By STEPHEN BELL
PERTH -- Woodside Petroleum aims to finalize a $1.2 billion a deal to buy a 30% stake in a big natural gas field in the Mediterranean Sea by June, after talks with Israel were held up by a general election.
Woodside CEO Peter Coleman said he hadn't been able to meet with Israeli lawmakers for some time to discuss the stake purchase in the Leviathan gas field because of the election campaign in January and subsequent efforts to form a new coalition government.
Leviathan, which contains an estimated 18 trillion cubic feet of natural gas, is the world's largest deepwater gas find in a decade. Its discovery with other large fields off Israel's coast in recent years has potentially set up Israel as an exporter of energy.
Woodside agreed a deal to acquire the stake in Leviathan in December as it stepped up a search for overseas assets that could increase its production within the next five years. Several setbacks in Australia have dented its near-term prospects, including a decision to shelve plans for the Browse liquefied natural gas facility onshore Western Australia and a shortage of gas to underpin an expansion of its $15 billion Pluto project.
Woodside's partners in the joint venture -- Noble Energy, Delek Group, Avner Oil Exploration and Ratio Oil Exploration -- had expected the deal for the Leviathan stake to be finalized by February.
Despite the delays due to the election, Mr. Coleman said Woodside aims to complete the Leviathan deal before the end of the first half of the current calendar year.
However, investors in Leviathan are still seeking clarity on Israel's policy toward gas exports.
Earlier this month, Noble Energy CEO Charles Davidson said production from Leviathan won't begin until Israel sets out export rules dictating how much gas can be sold abroad. A 2012 government commission issued several policy recommendations, including an export quota, that the government has yet to adopt. Some environmentalists and local politicians have opposed the recommendations.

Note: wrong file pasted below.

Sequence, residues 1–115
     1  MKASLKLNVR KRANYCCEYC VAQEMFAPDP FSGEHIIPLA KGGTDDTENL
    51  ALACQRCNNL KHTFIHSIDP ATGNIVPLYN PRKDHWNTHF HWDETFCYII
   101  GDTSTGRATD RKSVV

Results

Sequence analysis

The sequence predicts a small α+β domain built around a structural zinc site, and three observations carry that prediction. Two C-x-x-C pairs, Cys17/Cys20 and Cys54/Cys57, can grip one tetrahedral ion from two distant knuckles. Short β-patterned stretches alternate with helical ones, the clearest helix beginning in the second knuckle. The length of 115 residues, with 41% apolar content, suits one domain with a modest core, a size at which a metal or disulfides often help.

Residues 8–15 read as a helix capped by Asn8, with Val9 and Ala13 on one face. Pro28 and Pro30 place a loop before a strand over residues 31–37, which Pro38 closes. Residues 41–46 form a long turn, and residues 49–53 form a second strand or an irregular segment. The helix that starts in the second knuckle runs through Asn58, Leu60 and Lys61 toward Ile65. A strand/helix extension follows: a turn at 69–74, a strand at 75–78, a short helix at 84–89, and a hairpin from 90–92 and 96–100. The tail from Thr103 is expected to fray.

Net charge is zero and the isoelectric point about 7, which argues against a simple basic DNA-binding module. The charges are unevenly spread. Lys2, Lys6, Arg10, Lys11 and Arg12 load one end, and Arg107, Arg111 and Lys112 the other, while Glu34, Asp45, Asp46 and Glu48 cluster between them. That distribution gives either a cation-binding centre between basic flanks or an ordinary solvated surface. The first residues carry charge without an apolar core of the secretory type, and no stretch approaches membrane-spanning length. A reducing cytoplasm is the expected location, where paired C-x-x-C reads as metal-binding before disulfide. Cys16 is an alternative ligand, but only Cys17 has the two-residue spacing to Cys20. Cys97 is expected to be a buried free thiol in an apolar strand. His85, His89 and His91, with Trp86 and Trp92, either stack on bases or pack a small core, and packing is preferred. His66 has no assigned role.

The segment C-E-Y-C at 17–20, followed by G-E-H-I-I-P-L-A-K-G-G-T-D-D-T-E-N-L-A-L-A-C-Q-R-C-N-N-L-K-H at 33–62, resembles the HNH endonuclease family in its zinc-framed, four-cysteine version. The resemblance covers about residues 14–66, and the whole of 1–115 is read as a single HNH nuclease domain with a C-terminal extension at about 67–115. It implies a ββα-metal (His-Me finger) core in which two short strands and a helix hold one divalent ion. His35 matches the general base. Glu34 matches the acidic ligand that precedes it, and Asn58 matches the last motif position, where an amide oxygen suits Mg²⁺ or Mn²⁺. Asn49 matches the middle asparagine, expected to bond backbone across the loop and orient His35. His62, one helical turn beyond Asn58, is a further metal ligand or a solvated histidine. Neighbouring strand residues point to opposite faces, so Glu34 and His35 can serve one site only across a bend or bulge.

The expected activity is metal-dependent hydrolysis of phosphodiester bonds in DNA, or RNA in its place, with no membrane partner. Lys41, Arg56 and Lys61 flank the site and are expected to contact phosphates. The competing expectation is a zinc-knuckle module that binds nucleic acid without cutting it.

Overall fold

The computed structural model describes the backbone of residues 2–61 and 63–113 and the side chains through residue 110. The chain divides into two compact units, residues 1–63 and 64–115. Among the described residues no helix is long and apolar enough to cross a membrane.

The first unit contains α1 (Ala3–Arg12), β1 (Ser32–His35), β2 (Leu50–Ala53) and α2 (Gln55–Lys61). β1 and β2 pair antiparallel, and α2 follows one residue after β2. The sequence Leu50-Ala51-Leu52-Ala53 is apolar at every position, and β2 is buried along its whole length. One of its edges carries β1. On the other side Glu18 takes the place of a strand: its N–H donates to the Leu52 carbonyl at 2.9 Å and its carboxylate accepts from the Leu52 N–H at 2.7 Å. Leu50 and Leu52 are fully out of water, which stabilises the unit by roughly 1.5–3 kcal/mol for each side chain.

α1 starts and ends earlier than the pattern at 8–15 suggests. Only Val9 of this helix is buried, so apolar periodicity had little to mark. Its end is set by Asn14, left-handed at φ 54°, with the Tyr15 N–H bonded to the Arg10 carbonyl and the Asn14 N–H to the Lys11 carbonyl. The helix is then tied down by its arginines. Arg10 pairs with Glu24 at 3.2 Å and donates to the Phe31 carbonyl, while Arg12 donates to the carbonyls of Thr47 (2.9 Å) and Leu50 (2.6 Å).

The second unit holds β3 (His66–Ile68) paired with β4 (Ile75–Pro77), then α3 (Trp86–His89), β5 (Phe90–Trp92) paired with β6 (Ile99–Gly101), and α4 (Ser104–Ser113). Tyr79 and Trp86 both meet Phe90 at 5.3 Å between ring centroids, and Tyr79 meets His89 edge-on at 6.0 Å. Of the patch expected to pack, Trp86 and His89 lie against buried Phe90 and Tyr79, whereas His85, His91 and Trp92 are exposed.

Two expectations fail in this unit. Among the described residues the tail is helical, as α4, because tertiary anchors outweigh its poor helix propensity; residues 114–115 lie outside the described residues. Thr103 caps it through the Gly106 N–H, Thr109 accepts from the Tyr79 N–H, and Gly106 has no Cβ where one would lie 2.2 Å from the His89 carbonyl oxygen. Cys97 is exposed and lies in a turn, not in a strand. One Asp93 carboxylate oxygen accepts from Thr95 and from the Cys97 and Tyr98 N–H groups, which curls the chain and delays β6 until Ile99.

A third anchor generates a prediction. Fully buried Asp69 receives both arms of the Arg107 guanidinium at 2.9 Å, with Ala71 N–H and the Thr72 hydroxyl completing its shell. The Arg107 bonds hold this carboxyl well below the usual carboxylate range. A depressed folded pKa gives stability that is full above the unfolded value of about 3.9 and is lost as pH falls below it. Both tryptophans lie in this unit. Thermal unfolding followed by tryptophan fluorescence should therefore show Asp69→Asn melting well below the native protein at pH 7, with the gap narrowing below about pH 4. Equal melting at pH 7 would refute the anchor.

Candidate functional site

"Export options are now being mooted in Israel, potentially pipeline options as well as liquefied natural gas options and we need to consider those," Mr. Coleman told reporters following Woodside's annual meeting of shareholders.
In an unusual move for an international oil company, Woodside said Tuesday it will distribute the vast majority of its profits to shareholders in dividends rather than invest it in exploring for new resources or acquiring oil and natural gas fields. That prompted analysts at Macquarie to say Woodside is no longer a growth company, but a high-yield investment play similar to Australian banks.
Mr. Coleman said Woodside retains "headroom" to pursue acquisitions even though it will return more than $500 million to shareholders this year through a special dividend.
He rejected a suggestion that Woodside has prioritized dividends at the expense of big natural gas projects, such as Browse LNG, which has been shelved for at least two years on the grounds that a new onshore plant at James Price Point in Western Australia wasn't commercial.
"We are still a growth company," he said, pointing to Woodside's continued focus on exploration and development activities in Australia and overseas.
"Those growth projects are still there -- they haven't gone away," he said, adding that the only thing that has changed is the timing of developments and the respective capital requirements.
Mr. Coleman said Woodside has some sales contracts from the Pluto and North West Shelf ventures that it operates in Australia coming up for renewal.
But he didn't see any major softening in LNG demand as buyers anticipate future supply increases from North America and East Africa.
Demand for LNG at the moment is "very strong, particularly for spot cargoes and we expect that demand to maintain that strength over the next three or four years," he said.
Dow Jones Newswires